Three different therapies helped one-fourth of people kick the habit
For people trying to stop smoking, the how might not really matter.
Six months after quitting, only about one in four people still abstained from smoking — regardless of whether they used a nicotine patch, twice daily varenicline (a pill that cuts cravings) or a combo nicotine lozenge and patch to quit, researchers report in the Jan. 26 JAMA.
The study’s authors randomly split 1,086 cigarette smokers into three groups for 12 weeks of treatment. To confirm smoking status, the team relied on daily self-reported surveys and carbon monoxide testing six months and one year after treatment. Previous studies had suggested that varenicline and the combo therapy were better than the patch at helping people kick the habit.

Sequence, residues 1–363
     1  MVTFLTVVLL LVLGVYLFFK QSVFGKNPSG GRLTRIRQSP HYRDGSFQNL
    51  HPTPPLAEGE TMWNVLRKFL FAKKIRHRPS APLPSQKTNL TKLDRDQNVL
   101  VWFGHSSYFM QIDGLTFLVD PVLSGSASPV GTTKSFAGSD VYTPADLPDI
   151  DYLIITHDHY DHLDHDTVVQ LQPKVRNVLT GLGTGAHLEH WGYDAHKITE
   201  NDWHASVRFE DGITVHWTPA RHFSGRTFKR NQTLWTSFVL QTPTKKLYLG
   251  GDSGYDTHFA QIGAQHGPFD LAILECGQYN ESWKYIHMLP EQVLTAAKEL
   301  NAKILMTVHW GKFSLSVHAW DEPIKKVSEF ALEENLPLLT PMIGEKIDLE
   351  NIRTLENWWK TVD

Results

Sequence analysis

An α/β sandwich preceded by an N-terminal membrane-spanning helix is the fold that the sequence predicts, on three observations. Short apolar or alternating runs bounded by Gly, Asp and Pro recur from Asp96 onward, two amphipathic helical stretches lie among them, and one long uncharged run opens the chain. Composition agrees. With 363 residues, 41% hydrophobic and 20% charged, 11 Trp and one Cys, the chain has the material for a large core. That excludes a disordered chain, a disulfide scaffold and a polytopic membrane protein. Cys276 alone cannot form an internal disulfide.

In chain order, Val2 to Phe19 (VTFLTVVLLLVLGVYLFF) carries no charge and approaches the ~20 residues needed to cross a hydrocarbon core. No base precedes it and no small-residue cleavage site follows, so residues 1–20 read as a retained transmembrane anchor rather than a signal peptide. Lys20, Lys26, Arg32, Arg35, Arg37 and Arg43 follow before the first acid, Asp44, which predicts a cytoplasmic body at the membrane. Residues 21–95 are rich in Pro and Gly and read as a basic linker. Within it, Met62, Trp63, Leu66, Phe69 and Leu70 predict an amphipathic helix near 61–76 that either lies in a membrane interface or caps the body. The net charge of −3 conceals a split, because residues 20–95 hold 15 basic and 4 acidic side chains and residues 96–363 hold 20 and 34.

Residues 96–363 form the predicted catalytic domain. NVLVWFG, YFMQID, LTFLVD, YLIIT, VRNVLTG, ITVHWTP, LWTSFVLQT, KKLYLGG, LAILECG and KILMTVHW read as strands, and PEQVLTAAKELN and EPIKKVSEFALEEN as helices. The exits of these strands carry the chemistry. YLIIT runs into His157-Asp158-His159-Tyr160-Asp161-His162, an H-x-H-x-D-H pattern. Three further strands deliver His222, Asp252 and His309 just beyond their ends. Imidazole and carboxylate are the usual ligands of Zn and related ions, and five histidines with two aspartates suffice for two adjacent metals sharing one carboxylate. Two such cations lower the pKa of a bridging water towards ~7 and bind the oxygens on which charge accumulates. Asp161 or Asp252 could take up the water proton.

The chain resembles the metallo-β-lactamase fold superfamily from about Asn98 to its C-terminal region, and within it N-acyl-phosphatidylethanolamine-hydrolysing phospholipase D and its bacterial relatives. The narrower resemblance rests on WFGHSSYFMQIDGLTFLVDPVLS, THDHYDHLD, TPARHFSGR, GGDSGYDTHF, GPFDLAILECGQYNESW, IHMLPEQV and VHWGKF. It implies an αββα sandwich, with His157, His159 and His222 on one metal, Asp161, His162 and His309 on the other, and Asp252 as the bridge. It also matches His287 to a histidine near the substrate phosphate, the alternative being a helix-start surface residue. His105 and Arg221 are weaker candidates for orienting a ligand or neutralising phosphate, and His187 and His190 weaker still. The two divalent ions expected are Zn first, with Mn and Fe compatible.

Not so, the authors of the new research suggest: The three therapies were equally effective. The study is the first to compare all three head-to-head (to head).